When Law and Politics Don't Mix: Weasel words from Gonzales

Did anyone else see Attorney General Gonzales saying to CNN, in an attempt to brush aside questions about abuse of FBI security letters, that the letters had been around "long before I became AG" ? Then shortly thereafter I see in the Denver Post that use of national security letters has grown exponentially since the Sept. 11, 2001, attacks. "In 2005 alone, the audit found, the FBI issued more than 19,000 such letters, amounting to 47,000 separate requests for information." Here's more about what these letters are:
The letters enable an FBI field office to compel the release of private information without the authority of a grand jury or judge.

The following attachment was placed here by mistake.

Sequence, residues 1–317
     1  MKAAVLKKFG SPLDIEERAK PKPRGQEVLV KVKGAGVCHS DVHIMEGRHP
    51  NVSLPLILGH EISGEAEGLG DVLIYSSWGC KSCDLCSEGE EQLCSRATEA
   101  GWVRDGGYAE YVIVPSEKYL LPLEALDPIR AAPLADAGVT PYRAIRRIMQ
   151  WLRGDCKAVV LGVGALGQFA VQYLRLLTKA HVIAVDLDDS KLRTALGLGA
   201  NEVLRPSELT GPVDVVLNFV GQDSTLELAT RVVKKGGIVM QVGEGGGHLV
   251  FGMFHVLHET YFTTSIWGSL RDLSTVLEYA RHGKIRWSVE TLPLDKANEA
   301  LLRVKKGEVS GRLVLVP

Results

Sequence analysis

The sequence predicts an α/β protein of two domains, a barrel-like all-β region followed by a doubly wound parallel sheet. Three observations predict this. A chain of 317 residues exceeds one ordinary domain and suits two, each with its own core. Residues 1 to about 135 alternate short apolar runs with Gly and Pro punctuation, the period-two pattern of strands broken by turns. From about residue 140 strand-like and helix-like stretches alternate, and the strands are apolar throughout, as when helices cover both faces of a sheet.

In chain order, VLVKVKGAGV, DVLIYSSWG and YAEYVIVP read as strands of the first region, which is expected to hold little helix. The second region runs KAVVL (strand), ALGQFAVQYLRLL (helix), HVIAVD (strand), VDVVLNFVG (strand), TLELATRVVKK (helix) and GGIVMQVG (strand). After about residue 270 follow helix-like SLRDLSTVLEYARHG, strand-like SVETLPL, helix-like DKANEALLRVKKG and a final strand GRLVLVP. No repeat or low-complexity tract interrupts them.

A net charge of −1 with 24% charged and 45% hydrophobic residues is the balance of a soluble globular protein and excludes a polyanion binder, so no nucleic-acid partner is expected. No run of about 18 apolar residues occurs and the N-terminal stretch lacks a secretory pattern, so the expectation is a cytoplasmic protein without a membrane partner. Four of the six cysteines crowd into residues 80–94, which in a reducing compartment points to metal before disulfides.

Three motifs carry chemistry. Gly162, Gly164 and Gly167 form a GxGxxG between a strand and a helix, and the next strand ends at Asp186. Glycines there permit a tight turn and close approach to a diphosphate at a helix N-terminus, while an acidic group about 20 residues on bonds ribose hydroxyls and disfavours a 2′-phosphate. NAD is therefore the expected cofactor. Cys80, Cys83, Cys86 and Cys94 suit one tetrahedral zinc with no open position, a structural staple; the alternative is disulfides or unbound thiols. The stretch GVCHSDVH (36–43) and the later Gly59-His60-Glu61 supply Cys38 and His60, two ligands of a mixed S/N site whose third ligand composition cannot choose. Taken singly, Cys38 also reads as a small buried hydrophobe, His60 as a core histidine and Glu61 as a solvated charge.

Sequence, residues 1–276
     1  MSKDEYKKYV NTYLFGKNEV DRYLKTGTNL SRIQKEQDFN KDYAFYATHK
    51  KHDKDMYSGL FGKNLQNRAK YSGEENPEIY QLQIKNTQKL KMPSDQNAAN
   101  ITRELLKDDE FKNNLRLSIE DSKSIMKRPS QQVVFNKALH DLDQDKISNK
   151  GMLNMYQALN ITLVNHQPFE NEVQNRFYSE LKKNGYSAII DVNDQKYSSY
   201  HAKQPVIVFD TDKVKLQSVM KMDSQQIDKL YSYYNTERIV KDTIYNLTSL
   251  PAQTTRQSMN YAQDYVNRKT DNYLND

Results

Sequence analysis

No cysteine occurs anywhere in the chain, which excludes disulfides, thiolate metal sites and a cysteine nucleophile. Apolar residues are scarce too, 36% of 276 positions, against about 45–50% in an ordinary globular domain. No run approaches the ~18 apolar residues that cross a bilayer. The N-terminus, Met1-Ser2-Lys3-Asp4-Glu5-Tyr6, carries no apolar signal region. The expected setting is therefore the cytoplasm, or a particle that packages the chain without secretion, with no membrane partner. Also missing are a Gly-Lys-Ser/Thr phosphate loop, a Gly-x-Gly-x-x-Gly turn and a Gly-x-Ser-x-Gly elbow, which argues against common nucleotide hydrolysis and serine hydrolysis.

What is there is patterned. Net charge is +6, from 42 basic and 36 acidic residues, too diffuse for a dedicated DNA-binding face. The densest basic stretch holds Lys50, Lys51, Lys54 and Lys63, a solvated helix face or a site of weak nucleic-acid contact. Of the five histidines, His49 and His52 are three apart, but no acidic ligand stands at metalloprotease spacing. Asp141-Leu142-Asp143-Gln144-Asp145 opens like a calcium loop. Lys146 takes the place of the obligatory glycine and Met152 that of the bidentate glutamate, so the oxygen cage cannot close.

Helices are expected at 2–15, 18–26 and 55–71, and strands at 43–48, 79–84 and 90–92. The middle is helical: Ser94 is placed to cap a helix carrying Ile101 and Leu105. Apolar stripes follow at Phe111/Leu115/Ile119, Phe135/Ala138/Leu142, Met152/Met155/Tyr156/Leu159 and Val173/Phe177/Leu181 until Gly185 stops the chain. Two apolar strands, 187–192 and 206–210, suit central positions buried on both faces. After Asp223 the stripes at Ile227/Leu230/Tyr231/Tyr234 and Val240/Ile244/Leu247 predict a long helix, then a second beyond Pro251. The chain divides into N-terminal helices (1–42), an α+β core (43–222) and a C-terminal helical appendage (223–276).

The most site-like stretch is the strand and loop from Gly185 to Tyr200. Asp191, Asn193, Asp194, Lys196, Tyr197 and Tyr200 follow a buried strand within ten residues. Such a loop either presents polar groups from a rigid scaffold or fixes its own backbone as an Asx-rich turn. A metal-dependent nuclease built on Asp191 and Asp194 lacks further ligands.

The USA Patriot Act, enacted after the 2001 attacks, eliminated the requirement that the FBI show "specific and articulable" reasons to believe that the records it demands belong to a foreign intelligence agent or terrorist.

That law, and Bush administration guidelines for its use, transformed national security letters by permitting clandestine scrutiny of U.S. residents and visitors who are not alleged to be terrorists or spies.

Now the bureau needs only to certify that the records are "sought for" or "relevant to" an investigation "to protect against international terrorism or clandestine intelligence activities."
Amid some pretty credible claims that these letters are being abused under Gonzales he has the nerve to say they were around long before his watch. A classic case of weasel words.

No comments:

Post a Comment